The year was 1986, and Engine Overhaul and Repair Senior Manager Joanne Borg, then a newly licensed aircraft maintenance technician (AMT), was reporting for her first day at the San Francisco Line Maintenance hangar. It was an era when the sight of a woman out on the line was a conspicuous one, but Joanne didn't think much of it as she headed into the locker room to get ready for her shift. Then something stopped her cold in her tracks.
For Bebe O'Neil, United's system chief pilot, a career in aviation was almost a no-brainer.
"My dad worked at Boston Logan airport as a private pilot," O'Neil said. "I would go watch the airplanes with him at work and got interested in aviation and aerodynamics."
O'Neil eventually decided to attend the Air Force Academy, and estimates that at the time, it was still just about 10% women.
"Women were not fully assimilated into the Air Force Academy, but we were no longer a novelty," she said. "You just had to execute, if not as well as your counterparts, then a little bit better."
The hard work paid off. O'Neil flew eight years in active duty with the Air Force and has been working her way up the ranks at United for 28 years.
While more and more woman are working in industries that are traditionally male-dominated, it's critical for those interests to be nurtured from a young age. We spoke with three United superstars — in flight operations, technology and global operations strategy — who all stressed the importance of having strong mentors from an early age.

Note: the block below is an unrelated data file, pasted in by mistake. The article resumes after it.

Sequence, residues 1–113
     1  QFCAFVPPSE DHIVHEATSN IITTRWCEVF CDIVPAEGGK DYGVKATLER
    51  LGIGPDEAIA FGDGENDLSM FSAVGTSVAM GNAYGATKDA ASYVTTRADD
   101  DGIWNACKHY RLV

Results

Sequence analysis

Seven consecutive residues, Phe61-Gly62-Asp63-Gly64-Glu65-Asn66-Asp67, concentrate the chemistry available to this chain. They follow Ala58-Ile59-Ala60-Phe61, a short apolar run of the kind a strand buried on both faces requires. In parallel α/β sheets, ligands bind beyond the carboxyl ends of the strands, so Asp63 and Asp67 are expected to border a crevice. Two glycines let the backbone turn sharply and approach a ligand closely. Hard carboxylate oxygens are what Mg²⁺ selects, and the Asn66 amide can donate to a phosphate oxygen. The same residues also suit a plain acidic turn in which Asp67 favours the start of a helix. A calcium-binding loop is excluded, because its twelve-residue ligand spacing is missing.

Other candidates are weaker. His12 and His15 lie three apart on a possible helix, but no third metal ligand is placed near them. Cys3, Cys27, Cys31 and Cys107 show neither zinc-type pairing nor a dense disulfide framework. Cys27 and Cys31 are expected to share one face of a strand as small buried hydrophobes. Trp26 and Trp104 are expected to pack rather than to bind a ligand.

Amelia Earhart said,
"My ambition is to have this wonderful gift produce practical results for the future of commercial flying and for the women who may want to fly tomorrow's planes."
Earhart's words and actions have been an inspiration for generations of women hoping to fly. However, the aviation industry is still a male-dominated field so we asked some of United's women in charge to share their inspiration and the secrets to success in their own words.
Hi! My name is Jill Kaplan.